On Saturday night, Jonathan Quick made history at Mullett Arena.

The New York Rangers goaltender surpassed Ryan Miller to become the winningest American-born goalie in NHL history. Quick’s 392nd career victory, an 8-5 win over the Arizona Coyotes, was a fitting end to a remarkable journey that began nearly two decades ago.

Check out his teammates mobbing him after the game:

Quick, 38, is from Milford, Connecticut. He has been a trailblazer for American goaltending since his 2007 debut with the Los Angeles Kings. His explosive style and competitive nature redefined the position, and he inspired a new generation of U.S. netminders.

“It’s just recognizing that both of us have become friends over the years and so I’ve always enjoyed competing against him,” Miller said of Quick. The two goaltenders faced off numerous times during their careers. Quick’s Kings battled Miller’s Sabres, Blues, Canucks, and Ducks on the ice.

Quick’s path to greatness began at the University of Massachusetts Amherst. He led the Minutemen to their first NCAA Tournament appearance in his final season. Subsequently, the Kings drafted Quick in the third round of the 2005 NHL Entry Draft. He quickly made his mark in Los Angeles. Quick won the Stanley Cup in 2012 and 2014 and earned the Conn Smythe Trophy as playoff MVP in 2012.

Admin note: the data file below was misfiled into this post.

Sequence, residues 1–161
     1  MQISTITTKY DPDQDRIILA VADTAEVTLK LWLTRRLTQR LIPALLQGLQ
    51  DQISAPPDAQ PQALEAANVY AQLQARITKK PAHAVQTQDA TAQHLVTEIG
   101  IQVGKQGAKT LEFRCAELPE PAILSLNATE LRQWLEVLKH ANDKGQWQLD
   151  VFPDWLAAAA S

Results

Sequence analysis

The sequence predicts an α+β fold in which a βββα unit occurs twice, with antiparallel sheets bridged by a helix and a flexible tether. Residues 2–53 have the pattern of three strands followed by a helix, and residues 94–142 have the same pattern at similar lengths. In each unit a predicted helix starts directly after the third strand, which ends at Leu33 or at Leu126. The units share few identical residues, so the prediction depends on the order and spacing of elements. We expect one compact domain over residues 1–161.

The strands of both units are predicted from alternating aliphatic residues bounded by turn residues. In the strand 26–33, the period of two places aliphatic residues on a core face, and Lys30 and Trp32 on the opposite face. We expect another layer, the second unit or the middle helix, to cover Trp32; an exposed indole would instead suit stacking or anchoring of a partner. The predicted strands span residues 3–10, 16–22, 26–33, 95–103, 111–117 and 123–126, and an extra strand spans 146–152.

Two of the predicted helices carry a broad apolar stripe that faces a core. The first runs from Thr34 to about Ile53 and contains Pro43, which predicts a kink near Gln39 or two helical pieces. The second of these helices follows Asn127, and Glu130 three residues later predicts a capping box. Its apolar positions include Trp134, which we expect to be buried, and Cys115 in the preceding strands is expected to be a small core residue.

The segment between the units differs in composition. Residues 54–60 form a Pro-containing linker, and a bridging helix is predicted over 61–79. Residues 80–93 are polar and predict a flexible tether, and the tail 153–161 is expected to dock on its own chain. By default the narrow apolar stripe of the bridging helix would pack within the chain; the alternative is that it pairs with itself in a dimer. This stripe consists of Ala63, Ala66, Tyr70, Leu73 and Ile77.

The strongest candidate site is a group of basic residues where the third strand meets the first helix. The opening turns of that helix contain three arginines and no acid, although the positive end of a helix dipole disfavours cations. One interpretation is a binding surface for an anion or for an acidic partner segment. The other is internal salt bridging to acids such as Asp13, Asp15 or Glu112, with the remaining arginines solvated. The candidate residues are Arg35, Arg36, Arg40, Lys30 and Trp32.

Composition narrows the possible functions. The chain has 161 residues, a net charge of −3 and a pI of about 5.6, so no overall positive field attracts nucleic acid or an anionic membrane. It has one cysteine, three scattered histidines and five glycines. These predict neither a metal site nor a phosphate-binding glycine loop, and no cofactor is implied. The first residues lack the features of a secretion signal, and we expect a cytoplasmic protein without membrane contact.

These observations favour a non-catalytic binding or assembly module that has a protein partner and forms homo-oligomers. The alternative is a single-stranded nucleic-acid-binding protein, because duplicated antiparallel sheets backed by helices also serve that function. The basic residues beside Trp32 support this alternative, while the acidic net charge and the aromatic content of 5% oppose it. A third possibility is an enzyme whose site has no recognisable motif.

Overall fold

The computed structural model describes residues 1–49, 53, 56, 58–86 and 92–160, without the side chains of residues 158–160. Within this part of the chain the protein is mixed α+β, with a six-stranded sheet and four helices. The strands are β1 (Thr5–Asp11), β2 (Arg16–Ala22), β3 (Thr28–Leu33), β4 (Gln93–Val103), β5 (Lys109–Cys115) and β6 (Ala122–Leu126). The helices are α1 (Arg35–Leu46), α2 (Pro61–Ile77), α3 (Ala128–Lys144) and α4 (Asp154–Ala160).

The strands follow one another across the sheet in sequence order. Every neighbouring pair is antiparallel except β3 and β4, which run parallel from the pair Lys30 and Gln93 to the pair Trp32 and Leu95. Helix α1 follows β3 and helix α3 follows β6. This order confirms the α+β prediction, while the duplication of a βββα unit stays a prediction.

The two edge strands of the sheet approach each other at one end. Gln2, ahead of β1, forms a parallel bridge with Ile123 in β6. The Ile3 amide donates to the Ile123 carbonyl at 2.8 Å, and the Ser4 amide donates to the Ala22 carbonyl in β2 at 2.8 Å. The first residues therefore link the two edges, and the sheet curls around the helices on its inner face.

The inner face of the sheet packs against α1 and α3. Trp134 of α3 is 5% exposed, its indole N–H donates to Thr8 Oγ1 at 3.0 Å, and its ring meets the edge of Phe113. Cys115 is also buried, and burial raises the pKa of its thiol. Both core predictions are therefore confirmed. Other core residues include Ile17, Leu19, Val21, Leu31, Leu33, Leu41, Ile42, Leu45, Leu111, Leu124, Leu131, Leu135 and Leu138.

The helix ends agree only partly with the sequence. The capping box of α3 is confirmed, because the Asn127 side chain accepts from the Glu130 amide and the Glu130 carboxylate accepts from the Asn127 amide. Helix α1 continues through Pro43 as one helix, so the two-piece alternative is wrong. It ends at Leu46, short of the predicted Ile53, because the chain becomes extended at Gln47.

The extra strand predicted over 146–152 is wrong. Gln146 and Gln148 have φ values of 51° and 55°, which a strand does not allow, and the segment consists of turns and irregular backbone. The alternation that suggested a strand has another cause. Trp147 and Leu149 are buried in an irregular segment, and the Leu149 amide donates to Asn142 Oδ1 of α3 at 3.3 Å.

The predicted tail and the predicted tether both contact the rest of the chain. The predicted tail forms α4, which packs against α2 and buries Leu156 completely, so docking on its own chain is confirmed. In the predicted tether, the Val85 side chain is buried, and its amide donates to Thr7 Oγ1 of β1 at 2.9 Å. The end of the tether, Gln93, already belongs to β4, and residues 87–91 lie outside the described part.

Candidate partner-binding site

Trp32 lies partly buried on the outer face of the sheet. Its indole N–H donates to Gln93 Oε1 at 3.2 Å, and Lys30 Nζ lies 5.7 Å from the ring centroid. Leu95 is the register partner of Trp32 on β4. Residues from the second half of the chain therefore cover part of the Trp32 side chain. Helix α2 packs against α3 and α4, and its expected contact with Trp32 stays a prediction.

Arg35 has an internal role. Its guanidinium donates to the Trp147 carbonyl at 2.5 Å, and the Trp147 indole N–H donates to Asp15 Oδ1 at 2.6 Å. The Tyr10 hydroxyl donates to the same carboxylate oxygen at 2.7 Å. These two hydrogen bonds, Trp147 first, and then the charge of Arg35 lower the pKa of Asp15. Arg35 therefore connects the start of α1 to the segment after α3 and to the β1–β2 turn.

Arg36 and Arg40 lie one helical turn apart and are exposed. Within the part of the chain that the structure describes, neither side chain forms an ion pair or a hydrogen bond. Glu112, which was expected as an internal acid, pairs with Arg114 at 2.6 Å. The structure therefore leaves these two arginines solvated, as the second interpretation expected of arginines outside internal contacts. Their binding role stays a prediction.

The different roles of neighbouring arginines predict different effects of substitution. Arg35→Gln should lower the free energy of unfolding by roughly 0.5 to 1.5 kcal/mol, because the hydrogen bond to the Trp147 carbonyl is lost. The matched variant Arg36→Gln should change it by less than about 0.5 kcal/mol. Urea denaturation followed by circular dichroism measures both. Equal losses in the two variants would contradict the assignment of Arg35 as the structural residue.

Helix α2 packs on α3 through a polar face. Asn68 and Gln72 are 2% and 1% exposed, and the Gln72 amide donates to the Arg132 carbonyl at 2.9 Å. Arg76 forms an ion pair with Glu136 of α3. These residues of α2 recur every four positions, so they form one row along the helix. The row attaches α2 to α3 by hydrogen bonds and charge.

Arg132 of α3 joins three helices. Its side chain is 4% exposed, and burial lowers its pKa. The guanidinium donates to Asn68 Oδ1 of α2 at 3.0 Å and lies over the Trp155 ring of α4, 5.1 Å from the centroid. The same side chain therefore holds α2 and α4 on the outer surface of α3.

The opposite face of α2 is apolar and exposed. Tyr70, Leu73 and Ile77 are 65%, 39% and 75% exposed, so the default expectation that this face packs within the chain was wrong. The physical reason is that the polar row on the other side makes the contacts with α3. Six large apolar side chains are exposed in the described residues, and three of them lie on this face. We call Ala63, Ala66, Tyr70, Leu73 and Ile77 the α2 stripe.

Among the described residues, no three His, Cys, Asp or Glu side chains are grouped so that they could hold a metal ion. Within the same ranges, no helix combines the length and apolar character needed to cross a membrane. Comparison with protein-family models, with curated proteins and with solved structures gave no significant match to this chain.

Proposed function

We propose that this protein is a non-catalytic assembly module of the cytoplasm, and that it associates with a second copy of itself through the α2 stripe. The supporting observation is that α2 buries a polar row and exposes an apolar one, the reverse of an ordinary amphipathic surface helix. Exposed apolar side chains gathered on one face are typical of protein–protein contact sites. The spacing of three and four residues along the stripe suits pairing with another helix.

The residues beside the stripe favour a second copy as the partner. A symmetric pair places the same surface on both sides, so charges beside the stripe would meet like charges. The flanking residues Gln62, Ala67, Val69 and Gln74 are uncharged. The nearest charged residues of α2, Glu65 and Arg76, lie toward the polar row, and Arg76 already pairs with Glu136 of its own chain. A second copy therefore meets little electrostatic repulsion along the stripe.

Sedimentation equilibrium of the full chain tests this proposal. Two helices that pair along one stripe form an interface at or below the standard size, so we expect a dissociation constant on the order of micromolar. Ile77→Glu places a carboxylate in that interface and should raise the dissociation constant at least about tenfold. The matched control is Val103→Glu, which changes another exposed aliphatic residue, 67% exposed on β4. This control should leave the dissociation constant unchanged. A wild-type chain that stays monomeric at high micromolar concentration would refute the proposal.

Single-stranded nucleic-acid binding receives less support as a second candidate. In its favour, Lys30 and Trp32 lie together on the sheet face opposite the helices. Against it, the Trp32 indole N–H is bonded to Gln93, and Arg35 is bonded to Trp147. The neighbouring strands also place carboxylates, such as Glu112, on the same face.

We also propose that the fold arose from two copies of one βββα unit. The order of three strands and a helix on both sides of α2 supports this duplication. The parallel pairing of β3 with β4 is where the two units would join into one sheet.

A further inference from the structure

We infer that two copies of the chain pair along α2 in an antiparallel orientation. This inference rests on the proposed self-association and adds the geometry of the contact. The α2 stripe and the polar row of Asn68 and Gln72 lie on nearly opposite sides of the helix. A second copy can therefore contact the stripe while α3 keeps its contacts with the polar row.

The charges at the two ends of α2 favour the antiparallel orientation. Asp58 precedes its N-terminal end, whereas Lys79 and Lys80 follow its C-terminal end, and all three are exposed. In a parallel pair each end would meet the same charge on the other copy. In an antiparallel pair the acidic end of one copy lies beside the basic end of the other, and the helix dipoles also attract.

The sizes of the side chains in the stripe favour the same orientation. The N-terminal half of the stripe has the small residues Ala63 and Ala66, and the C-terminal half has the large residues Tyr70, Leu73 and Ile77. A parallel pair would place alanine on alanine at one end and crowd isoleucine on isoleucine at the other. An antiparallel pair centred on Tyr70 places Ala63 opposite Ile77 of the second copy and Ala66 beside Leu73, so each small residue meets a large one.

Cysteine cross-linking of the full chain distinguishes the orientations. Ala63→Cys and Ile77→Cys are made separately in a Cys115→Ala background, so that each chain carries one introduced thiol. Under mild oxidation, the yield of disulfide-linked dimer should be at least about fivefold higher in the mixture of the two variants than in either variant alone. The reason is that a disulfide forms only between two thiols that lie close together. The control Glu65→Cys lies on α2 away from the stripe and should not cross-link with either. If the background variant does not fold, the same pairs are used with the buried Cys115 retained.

Now, in his first season with the Rangers, Quick has found new life as a backup to Igor Shesterkin. His 17-5-2 record, 2.44 goals-against average, and .916 save percentage are his best marks since the 2017-18 season. Furthermore, the Rangers have significantly benefited from Quick’s veteran presence and timely performances. They lead the league with 50 wins and 104 points.

“It’s a fun team to be a part of,” Quick said of the Rangers. “These guys work hard every day; they push each other. We’ve been finding different ways to win throughout the year. Additionally, we have that confidence and the ability.”

Quick’s impact on American hockey cannot be overstated. His success has paved the way for a new crop of U.S. goaltenders. As a result, Connor Hellebuyck, Thatcher Demko, and Jake Oettinger are now among the NHL’s elite.

With a one-year contract extension recently signed, Quick’s legacy continues to grow. His journey from a small town in Connecticut to the pinnacle of professional hockey inspires young American goaltenders everywhere. It proves that with hard work and dedication, anything is possible.

As the Rangers continue their quest for the Stanley Cup, Jonathan Quick’s record-breaking achievement is a testament to his enduring excellence and the ever-growing impact of American goaltending in the NHL.